The choice between two frameworks for inward remittances in India depends on the authorised dealer (bank) and not the individual recipient. Please check with your remittance service provider before remitting the money.


Understanding tax implications on remittance to India

As an NRI, you are not subject to taxation on the money you send to India. However, sending money to India from overseas will have tax implications for the recipient who is a resident of India. This will depend on the purpose of the remittance.

  • If money is received for family maintenance or supporting family members (for education, medical care, etc.), then it is not taxable.
  • However, any gift to a person who is not a relative* will be taxable for the recipient if the aggregate amount is greater than ₹50,000 as per Section 56(2)(x) of the Income Tax Act, 1961.

*Section 2(77) of the Companies Act, 2013 defines relative as your parents (including stepfather and stepmother), your son and his wife, your daughter and her husband and your siblings (including stepbrother and stepsister).

To know more about gift and inheritance rules for an NRI, click here.

Please note, standard Goods and Services Tax (GST) may be applicable on the service charges payable on the remittance. You should consult a tax expert for more details.


NRIs/PIOs/OCIs including Foreign Nationals, can send money to India through multiple options such as online money transfer services, wire transfers, cross-border UPI, IMO, and FCC/FCDD. You should choose an option that best suits your needs based on speed, cost, and convenience. You must comply with FEMA guidelines and provide all the necessary details to your authorised dealer (bank). Sending money to India will have tax implications for the resident recipient. You should get in touch with your bank for more information.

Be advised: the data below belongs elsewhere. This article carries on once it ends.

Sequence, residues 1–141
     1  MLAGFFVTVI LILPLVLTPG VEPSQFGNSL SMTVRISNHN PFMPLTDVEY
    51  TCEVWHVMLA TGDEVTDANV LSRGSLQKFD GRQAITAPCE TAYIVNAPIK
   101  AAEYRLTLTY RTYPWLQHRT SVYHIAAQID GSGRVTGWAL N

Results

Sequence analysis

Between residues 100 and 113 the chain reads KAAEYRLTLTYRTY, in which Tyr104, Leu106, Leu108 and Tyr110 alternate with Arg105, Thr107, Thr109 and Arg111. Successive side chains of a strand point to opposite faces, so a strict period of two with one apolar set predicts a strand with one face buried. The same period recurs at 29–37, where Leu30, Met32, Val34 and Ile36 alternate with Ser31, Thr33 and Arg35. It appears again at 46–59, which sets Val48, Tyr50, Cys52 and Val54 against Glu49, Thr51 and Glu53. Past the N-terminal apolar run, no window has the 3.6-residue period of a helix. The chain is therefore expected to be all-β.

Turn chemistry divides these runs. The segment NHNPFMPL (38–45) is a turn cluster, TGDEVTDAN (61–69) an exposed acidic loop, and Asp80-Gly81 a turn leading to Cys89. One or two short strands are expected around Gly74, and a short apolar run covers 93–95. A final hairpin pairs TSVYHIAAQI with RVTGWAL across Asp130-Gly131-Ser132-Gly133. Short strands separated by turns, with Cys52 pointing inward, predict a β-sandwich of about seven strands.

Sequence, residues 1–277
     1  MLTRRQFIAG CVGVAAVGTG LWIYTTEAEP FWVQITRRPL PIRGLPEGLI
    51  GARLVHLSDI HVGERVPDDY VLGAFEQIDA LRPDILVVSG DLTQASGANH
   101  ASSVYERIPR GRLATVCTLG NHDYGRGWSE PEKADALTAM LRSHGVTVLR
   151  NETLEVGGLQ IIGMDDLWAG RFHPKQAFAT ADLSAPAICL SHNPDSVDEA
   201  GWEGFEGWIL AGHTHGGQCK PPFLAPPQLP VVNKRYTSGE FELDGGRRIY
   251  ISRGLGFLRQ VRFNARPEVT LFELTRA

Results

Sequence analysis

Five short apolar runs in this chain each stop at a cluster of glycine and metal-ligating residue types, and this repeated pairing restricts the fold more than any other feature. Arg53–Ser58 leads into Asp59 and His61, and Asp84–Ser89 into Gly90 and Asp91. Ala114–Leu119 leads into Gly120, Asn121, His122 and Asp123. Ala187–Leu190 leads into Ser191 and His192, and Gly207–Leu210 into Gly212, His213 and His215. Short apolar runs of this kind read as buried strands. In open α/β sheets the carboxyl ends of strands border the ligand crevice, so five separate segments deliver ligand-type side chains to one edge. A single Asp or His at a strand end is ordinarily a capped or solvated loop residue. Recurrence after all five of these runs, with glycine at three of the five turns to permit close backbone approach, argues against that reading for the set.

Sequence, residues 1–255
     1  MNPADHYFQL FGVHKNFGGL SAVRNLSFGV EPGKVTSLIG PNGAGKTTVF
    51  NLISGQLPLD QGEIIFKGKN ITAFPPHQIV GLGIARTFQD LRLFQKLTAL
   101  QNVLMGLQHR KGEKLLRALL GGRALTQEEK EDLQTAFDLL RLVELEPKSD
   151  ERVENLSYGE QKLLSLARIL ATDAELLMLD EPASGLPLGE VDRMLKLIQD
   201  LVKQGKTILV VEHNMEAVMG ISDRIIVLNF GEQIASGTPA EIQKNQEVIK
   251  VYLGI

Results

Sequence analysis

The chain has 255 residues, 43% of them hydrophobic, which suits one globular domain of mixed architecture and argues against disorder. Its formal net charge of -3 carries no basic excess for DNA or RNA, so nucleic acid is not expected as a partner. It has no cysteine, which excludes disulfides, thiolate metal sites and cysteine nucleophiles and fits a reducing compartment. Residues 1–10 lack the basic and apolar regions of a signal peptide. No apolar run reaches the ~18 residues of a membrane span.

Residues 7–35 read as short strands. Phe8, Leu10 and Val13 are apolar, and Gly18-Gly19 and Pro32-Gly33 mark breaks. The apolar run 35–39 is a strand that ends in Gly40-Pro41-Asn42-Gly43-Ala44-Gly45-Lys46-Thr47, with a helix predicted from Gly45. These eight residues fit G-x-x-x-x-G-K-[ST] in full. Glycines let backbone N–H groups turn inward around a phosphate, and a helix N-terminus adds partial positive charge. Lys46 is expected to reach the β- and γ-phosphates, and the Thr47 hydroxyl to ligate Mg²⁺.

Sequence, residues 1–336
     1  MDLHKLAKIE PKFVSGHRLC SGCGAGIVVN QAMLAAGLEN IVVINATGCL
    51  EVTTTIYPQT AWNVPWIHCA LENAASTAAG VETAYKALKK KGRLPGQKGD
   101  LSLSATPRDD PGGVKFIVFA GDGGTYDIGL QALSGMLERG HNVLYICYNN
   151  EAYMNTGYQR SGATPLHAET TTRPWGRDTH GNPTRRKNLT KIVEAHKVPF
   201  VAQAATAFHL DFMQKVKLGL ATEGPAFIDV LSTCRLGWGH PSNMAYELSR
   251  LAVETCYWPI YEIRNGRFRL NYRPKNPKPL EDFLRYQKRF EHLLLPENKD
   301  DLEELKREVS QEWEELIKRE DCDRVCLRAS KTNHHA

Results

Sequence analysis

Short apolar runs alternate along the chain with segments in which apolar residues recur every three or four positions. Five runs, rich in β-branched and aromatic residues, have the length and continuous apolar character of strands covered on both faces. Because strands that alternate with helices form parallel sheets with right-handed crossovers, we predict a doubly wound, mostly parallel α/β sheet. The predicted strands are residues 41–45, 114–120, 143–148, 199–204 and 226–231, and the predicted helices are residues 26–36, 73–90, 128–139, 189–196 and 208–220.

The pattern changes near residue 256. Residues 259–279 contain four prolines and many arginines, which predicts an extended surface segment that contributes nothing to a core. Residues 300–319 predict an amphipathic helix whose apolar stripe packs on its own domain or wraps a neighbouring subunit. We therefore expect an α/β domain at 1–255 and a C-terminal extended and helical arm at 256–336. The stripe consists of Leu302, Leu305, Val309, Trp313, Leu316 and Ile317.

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Frequently Asked Questions

What types of remittances cannot be received under MTSS?

Under MTSS, you are not allowed to send money to India for*:

  • Donations/contributions to charitable institutions/trusts
  • Trade-related remittances;
  • Remittance towards purchase of property, investments, or credit to NRE accounts


Is cash payment allowed for the beneficiary through MTSS?

Under MTSS, beneficiaries in India can receive up to ₹50,000 (per transaction) as cash payments. Pre-paid Instruments (PPIs) issued by banks (such as e-wallets and pre-paid cards) can also receive payments within this limit. Amounts beyond this limit must be paid through cheque, demand draft, or directly into the beneficiary's bank account.


The contents of this article/infographic are meant solely for informational purposes. The contents are generic in nature and are not intended to serve as a substitute for specific advice on any matter whatsoever. The information is subject to updation, completion and verification and the applicable norms may keep changing materially from time to time. This information is also not intended for distribution or use by any person in any jurisdiction where such distribution or use would be contrary to applicable laws or would subject ICICI Bank Limited/its affiliates to any licensing or registration requirements. ICICI Bank Limited/its affiliates and their representatives shall not be liable for any direct or indirect losses or liability incurred arising in connection with any decision taken by any person on the basis of this content. Please conduct your own due diligence and consult your financial advisor before making any decision. Terms and conditions of ICICI Bank and third parties apply. ICICI Bank is not responsible for third party services. Nothing contained herein shall constitute or be deemed to constitute an advice, invitation or solicitation to avail any products/services of third parties.